The message is clear: The Church’s liturgy is caught up in the liturgy of the cosmos. And our Eucharistic rites have always retained this vision of the cosmic liturgy.

The Gloria and the Sanctus are two obvious points of contact. In the first, we sing the song that the angels sang at the Nativity. In the latter, we sing in unison with the angelic choirs in heaven; we sing the song that both St. John and the prophet Isaiah heard being sung in the heavenly liturgy.

The oldest of our Eucharistic Prayers, the Roman Canon, lists the names of the 12 apostles along with 12 early saints. This is meant to correspond to the 24 elders who John saw worshipping around the heavenly altar.x 

The Roman Canon also includes a prayer for the holy angels to bring the sacrifices from our altar up to God’s altar in heaven.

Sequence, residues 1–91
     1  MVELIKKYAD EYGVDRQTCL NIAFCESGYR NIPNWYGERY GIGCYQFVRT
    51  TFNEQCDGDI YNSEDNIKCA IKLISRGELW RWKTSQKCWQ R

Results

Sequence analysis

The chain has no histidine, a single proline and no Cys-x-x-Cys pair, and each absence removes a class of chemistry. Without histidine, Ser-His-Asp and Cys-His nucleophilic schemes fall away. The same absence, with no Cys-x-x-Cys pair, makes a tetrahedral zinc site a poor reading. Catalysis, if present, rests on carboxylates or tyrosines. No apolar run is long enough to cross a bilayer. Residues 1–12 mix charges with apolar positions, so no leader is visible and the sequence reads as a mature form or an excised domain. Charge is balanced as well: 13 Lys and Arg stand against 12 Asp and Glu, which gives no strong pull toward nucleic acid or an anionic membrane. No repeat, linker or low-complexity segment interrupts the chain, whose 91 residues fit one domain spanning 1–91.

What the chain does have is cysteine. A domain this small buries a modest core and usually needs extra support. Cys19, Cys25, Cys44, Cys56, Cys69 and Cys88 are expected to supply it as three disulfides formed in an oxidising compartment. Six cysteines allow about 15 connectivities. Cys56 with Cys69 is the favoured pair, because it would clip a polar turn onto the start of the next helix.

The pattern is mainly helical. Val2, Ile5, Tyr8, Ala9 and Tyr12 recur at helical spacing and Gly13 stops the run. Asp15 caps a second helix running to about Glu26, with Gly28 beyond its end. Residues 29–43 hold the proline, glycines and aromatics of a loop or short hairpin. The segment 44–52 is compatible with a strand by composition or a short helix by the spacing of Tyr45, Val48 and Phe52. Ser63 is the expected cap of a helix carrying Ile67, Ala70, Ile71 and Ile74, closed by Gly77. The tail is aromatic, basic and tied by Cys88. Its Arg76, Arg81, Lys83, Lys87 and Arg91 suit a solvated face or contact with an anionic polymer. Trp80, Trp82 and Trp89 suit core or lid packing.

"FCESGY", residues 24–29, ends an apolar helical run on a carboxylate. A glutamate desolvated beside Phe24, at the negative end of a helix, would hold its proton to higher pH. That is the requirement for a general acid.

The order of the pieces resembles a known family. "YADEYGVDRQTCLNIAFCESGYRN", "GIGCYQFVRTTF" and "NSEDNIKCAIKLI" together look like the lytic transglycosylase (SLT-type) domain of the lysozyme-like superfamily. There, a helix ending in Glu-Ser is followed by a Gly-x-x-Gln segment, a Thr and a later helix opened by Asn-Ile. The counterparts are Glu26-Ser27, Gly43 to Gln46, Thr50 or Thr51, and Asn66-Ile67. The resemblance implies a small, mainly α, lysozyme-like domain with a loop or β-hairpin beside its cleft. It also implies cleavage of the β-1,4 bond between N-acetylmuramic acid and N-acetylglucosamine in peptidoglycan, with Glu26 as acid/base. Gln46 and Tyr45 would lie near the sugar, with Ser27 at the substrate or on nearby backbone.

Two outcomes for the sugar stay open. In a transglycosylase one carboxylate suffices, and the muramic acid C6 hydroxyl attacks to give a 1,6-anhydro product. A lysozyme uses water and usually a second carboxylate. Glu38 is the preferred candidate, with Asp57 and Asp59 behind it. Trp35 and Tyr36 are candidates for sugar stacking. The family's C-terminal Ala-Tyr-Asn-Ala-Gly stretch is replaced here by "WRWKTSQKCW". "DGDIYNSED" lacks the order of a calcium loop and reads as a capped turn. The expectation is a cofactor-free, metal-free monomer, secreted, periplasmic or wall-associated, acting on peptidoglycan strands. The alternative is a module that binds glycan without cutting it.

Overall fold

And of course the Communion Rite includes the Vulgate’s translation of the invitation that St. John heard in the heavenly liturgy: Blessed are those who are called to the Supper of the Lamb.xi

Yet we need to recognize that this experience of the heavenly liturgy has been lost since Vatican II.

Read the entire piece, published today by ZENIT.



TOPICS: Catholic; History; Worship
KEYWORDS: catholic; latin; liturgy; mass; tlm; traditionalmass; tridentine; tridentinemass
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1 posted on 05/14/2011 2:02:52 PM PDT by NYer
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To: netmilsmom; thefrankbaum; Tax-chick; GregB; saradippity; Berlin_Freeper; Litany; SumProVita; ...
The key point here is that the words we pray matter. What we pray makes a difference in what we believe. Our prayer has implications for how we grasp the saving truths that are communicated to us through the liturgy.

How true! This is precisely what I found in the Divine Liturgy celebrated in the Maronite Catholic Church. Words matter ... as they express our heartfelt emotions.

2 posted on 05/14/2011 2:05:36 PM PDT by NYer ("Be kind to every person you meet. For every person is fighting a great battle." St. Ephraim)